The Strawberry – Bear Canyon loop trail run is a longer, more adventurous variation of the run around Strawberry Peak described in the post Strawberry Peak Circuit.
The photograph Fall Leaves On Bear Creek was taken on this loop in November 2005. As described in that post, instead of descending directly to Switzer’s from Red Box, this route descends the West Fork to Valley Forge Campground and then climbs up and over the shoulder of Mt. Wilson, and down into Bear Canyon, eventually working its way back to Switzer’s and Clear Creek.
Without any wrong turns or other route finding issues the loop works out to about 25.5 miles with an elevation gain and loss of about 5500-6000 ft. The running (and hiking) is extremely varied, including fire roads, old road beds, easy trail, technical trail, and lots of up and down. Bear Creek’s lush canyon is gorgeous, but 20 miles into the run, it’s winding course and many creek crossings can prove demanding.
I attempted to obtain a GPS trace of this route in 2005, but the steep, narrow canyons defeated my Foretrex 201. Not so with my Forerunner 205. I continue to be amazed at the 205’s performance. Here’s a Google Earth image and Google Earth KMZ file of the GPS trace of my route.
Related posts: Spring Growth, Fall Leaves On Bear Creek, Forerunner 205.
Two runners climb up the last yards of a hill before descending into Las Virgenes Canyon in Upper Las Virgenes Canyon Open Space Preserve.
The trail is a connector that joins East Las Virgenes Canyon with upper Las Virgenes Canyon. Our 15 mile loop started at the Victory trailhead, following the El Scorpion Trail to another long-used trail that climbs up to the ridge along the northern boundary of the preserve. From here we descended to Las Virgenes Canyon and worked over to Shepherd’s Flat and down Cheeseboro Canyon, eventually returning to the Victory trailhead by way of the main drag.
The area seen in the photograph is a small portion of the 24,000 acres that was burned in the Topanga Fire in late September 2005.
Although an undercoat of green is apparent, the drought in Southern California continues. According to NWS climate data, as of today, Downtown Los Angeles (USC) has recorded only 2.42 inches of rain since the water year began on July 1, 2006. This total is nearly 9 inches less than normal.
A friend cruises down Calabasas Peak Motorway on the way to the Stunt High Trail, Backbone Trail, Saddle Peak, and Tapia Park – a run of about 14 miles with an elevation gain of about 2600 ft., and loss of about 3600 ft.
Several excellent trail runs in the 11-15 mile range (or longer) can be done from the intersection of Malibu Canyon and Piuma Rd., near Tapia Park. These include an out and back to Saddle Peak (~13 mi), the Bulldog Loop (~14.5 mi), and point to point runs starting at the Secret Trail (~11 mi), or Tunnel #1 on Kanan Rd. (~12.5 mi).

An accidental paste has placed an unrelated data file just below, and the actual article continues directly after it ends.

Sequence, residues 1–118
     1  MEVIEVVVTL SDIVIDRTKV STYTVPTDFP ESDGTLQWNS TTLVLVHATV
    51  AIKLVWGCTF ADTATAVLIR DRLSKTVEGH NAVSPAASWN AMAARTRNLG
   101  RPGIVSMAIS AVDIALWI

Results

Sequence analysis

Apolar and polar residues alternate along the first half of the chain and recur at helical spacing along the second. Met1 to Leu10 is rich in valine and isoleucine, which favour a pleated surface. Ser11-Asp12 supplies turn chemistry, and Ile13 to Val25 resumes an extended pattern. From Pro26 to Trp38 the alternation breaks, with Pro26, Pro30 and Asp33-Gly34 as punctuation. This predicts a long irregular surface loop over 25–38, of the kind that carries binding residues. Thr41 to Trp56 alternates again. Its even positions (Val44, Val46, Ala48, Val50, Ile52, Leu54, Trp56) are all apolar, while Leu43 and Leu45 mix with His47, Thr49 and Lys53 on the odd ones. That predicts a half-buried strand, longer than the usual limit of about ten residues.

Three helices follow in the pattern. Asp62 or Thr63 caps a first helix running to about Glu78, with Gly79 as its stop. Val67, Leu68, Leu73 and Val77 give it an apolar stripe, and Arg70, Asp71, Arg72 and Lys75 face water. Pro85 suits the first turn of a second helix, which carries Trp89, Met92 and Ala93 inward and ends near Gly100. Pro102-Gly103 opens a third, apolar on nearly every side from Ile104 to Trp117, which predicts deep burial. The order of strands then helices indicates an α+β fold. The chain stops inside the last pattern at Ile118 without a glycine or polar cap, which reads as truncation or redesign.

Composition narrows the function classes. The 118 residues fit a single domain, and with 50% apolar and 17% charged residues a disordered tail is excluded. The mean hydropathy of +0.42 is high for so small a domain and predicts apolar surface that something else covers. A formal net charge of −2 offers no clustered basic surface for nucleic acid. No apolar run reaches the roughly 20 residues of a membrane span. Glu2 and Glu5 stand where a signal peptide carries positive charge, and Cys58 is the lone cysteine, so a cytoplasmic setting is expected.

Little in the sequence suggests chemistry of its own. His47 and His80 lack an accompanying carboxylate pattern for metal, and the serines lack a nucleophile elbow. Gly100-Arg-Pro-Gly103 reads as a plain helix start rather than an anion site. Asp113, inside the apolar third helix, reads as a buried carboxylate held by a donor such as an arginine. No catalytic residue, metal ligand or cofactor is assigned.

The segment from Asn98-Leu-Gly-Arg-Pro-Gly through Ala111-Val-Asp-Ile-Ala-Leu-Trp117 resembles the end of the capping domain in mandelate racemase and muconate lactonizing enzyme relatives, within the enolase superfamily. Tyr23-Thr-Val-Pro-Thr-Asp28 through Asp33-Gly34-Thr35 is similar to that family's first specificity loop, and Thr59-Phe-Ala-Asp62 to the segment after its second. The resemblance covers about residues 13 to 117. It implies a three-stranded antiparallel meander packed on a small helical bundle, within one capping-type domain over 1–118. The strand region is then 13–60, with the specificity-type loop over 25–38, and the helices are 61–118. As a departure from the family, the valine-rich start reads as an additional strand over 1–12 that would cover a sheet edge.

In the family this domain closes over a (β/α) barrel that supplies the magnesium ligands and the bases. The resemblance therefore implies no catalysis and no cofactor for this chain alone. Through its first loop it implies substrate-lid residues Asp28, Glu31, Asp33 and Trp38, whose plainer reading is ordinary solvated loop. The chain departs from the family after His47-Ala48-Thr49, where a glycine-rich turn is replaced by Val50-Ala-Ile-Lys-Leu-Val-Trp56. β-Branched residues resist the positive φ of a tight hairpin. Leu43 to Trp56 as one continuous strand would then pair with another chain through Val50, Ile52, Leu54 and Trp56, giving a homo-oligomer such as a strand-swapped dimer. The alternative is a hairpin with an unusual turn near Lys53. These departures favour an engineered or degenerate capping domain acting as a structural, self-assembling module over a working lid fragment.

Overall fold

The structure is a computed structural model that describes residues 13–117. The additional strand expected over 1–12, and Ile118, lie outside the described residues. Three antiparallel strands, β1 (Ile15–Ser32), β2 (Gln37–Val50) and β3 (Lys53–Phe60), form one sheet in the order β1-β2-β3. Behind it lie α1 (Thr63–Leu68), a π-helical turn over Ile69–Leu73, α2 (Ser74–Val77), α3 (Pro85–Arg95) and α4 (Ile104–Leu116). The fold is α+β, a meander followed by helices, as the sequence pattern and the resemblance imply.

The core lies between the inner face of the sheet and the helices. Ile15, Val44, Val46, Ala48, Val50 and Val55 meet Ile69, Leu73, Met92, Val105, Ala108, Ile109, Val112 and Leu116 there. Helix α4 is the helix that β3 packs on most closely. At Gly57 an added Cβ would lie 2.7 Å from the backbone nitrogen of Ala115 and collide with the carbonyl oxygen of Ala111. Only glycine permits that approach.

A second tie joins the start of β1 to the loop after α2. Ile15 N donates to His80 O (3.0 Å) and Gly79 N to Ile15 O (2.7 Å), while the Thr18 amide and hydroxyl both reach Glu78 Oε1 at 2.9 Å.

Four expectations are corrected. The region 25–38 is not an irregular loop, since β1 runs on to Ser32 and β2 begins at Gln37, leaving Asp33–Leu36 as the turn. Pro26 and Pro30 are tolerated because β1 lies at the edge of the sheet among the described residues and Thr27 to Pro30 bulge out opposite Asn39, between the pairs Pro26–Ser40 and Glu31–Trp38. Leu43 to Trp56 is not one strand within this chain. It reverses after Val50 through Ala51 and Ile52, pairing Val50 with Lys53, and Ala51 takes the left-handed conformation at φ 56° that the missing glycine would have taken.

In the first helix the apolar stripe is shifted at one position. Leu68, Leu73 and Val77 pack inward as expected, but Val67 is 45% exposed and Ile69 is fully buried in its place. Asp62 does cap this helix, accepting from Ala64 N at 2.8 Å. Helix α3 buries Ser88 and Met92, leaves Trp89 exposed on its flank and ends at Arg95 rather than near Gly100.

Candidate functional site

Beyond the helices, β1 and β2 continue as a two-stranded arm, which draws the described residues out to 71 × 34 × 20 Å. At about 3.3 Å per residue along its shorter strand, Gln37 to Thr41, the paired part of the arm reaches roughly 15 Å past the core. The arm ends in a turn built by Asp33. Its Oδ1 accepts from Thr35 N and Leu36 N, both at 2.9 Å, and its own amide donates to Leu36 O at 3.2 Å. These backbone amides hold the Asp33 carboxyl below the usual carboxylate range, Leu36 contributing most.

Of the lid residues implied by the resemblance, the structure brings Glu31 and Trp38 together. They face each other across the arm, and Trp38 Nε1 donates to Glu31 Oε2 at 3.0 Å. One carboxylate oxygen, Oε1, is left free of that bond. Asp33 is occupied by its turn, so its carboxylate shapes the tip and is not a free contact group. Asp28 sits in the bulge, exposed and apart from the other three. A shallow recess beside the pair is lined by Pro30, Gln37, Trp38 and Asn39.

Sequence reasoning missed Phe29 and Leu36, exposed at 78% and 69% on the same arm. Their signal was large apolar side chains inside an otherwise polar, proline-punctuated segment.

Related posts: Saddle Peak, Rock Formations Along the Backbone Trail
It’s mid-August, which means that Labor Day, and the Mt. Baldy Run to the Top, are only a couple of weeks away. There’s nothing quite like the experience of racing to the top of a 10,000 ft. peak en masse with 500+ other runners.
The nearly 8 mile course, with 4000′ of elevation gain, has been done in 1:00:49 by Matt Ebiner (1987), and in 1:15:32 by Carrie Garritson (1988). She was age 11 at the time! According to an article in the February / March 2002 Issue of TrailRunner Magazine “wild” Bill Lombardo has done the run barefoot!
More about the runner in this photo, the Mt. Baldy Run to the Top, and a race that climbs Mt. Baldy twice can be found in my SierraPhotography.com page Mt. Baldy, Runner Leaving the Summit. The photograph is from August 1991.
Related post: Mt. Baldy Run to the Top 2007
We did this acclimatization run early in our running adventure in Peru. The grain field is on a plateau at about 11,000′, and parallels the Sacred Valley of the Incas, and Urubamba River.
The run took us across the plateau, down to the Maras salt mines, and then down into the Sacred Valley at a little over 9000′. Excited about the trip, we ran most of the way back to the hotel in Yucay. That evening we enjoyed Pisco Sours and an excellent dinner, and then drifted off to sleep dreaming of big mountains and expansive views.
The high peaks beyond the valley are part of the Cordilla Urubamba and are over 5000m (16,400′). The highest point on the Inca Trail, the “pass of the dead woman,” is at about 13,800′. Later in the trip we would cross two 5000m passes while running a circuit of Mt. Ausangate.
The photograph is from July 15, 2003. The trip organizer, Devy Reinstein of Andes Adventures, is a accomplished runner, and a genius at travel logistics and organization.
A runner descends the trail below Palomani Pass (16,600 ft.) on a Circuit of Mt. Ausangate (20,905 ft.) in the Peruvian Andes. Once acclimated, running at that altitude wasn’t as bad as I thought it might be, and when you return home, those 10,000 ft. trails feel like you’re running at sea level. The trip was arranged by my good friend Devy Reinstein of Andes Adventures and was unforgettable. (Photo taken July 23, 2003.)